Preparing for 2023
by Susie Slanina
January 3, 2023
“I always listen to what I can leave out.” Miles Davis
It’s nearly Winter Solstice and, for me, a good time to put this Miles Davis quote into practice.
There’s so much going on this time of year. I see it as a time to step back from the noise and chaos, a sort of little retreat. A time to be reflective and look back on the past year which is coming to a close, all the while anticipating and wondering about the new year ahead.
Living in an area that has all four seasons, I try to appreciate each individual one. In the winter season, it’s meaningful for me to embrace the darkness, the low angle of sunlight, and be still–like nature. Having lived in the suburbs of Los Angeles for many years, I’m grateful for the contrasts of color and mood each season brings.
I recently received a date book for 2023 full of enticing blank pages. It’s pretty–blue with gold stars. Instead of using a computer, I like the tactile feel of the pages. Unlike a digital calendar, I look forward to writing in it, logging the day, and any stray thoughts.
Last year, when I wrote a year end blog, I was looking forward to seeing the images from the James Webb telescope. Wow, those images came out in 2022 and they have been magnificent and inspiring. Way beyond what I expected they would be! (Check out the header image, Pillars of Creation, and more with descriptions and videos at the James Webb Space Telescope site.)
And, even better! Towards the end of this year, we got the thrilling news of Nuclear Fusion. A dream come true–clean energy at last! It probably won’t happen in my lifetime, but I feel a deep sense of peace about it. I now daydream about future generations of people and animals experiencing the benefits of having pristine air to breathe. It’s heartening to imagine our planet being restored to its former beauty.
I’ve spent countless hours feeling apprehension about the effects of climate change. In the last few years, I’ve learned from reading Byron Katie and Eckhart Tolle that this kind of thinking is ineffective and futile. Thankfully, I’m relieved to say, I don’t do it much anymore. The trick is to try to catch yourself before you start dwelling. And now, since this new discovery, I’ve (mostly) been able to banish away doomsday thoughts, and instead focus on a brighter future for all sentient beings.
(I do wish some billionaires would throw money at this venture instead of flying themselves up to space.)
In the meantime, there’s a quote from Eckart Tolle that has helped me: “Worry pretends to be necessary, but serves no useful purpose.”
This time of year, it’s almost universal to wish for Peace On Earth. This year, even more so with the horrific war in Ukraine. There’s been many unspeakable acts, but there was an image I can’t shake. It’s not graphic or anything, it was simply a man attempting to evacuate during heavy shelling. He tried to coax his dog to follow, but the dog would take a few steps and then wouldn’t/couldn’t budge–he was so terrified of the sound.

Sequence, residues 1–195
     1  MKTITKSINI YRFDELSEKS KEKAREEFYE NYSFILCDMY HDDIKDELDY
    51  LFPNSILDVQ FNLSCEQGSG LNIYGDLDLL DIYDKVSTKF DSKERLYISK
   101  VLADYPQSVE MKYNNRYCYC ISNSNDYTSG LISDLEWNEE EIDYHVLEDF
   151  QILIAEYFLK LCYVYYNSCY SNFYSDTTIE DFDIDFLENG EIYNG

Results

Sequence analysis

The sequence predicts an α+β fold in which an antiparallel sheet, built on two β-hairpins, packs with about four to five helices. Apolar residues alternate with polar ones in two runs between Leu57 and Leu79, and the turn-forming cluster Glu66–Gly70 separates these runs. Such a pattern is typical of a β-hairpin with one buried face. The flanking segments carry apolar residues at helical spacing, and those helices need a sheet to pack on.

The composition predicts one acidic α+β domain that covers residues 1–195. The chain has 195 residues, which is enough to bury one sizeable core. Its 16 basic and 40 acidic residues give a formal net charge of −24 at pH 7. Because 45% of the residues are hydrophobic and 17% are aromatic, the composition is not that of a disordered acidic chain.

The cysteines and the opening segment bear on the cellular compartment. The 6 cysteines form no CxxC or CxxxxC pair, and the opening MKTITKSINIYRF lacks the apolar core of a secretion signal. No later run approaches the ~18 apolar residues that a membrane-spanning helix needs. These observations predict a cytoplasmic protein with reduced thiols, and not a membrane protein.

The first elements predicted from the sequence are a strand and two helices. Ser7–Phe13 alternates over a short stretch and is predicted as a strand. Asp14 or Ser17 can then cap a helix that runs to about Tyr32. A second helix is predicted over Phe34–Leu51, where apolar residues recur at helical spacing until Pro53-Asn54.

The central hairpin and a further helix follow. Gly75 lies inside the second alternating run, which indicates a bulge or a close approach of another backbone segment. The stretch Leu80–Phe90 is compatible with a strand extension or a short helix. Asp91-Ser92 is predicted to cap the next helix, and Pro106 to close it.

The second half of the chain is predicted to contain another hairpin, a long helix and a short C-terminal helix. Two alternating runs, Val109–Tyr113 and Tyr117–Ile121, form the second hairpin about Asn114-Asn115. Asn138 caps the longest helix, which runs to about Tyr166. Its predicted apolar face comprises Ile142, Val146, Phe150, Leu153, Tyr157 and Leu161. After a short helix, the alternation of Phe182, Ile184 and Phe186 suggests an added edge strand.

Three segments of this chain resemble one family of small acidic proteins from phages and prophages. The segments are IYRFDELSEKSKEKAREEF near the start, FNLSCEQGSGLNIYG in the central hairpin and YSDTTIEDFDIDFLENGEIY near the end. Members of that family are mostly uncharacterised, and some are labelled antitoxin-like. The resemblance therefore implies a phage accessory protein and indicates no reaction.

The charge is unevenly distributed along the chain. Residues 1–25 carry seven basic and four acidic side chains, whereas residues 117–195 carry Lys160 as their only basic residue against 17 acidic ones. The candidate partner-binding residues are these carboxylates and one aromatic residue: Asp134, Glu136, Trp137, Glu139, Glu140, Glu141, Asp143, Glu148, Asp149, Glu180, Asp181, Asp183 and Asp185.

(On a much smaller scale, I witnessed the same kind of canine reaction when a firecracker goes off near the local dog park around the Fourth of July. My sensitive dog, Fuzzy, would be so happy to be there–joyfully bounding through the gate–then BAM. Fuzzy would cower in fright and we’d have to leave the park.)
The week before the war started, my partner, Alan–who is an excellent cook–made a dish called Plov as a sign of respect and hope that there wouldn’t be a war, although the lineup of tanks told a different tale. Alan’s friend, who is from Ukraine, told him that his family traditionally cooked Plov in their backyards in huge ovens over open flames. I hope this way of life comes back to Ukrainians soon. Plov is delicious–it has the surprise flavor of garbanzo beans and you can squeeze the garlic over the rice pilaf. There’s plenty of recipes and variations of Plov on the Internet.
Goals for 2023:
Two things I hope to accomplish in the next year:
- Write a new Metro book. Windtree Press published a wonderful mystery/thriller anthology this year. I participated in two of their previous anthologies, but this time, I couldn’t–it wasn’t my genre and I have a theory: people who write mysteries must be good at math to master mystery plotlines. I wonder if this is true. As I’ve said before, math is not my thing!
- Spend even more time with my pups, Sugar and Curry. I want to take them on doggy adventures, and try my best to emulate the way they enjoy life: No worries!
Thanks for the advice, good doggies.
Susie Slanina lives in Vancouver, Washington. After graduating from California State University, Los Angeles, she went to school in Ireland to study the Montessori approach to educating children. She worked 24 years at CSLA and retired at age 50 to spend more time with her dogs in a cabin in Big Bear. She had been retired for eight years when a poem she wrote about a spider became the catalyst for the Metro book series. She used to enjoy traveling, but discovered that hanging out with her dogs is better than seeing the wonders of the world.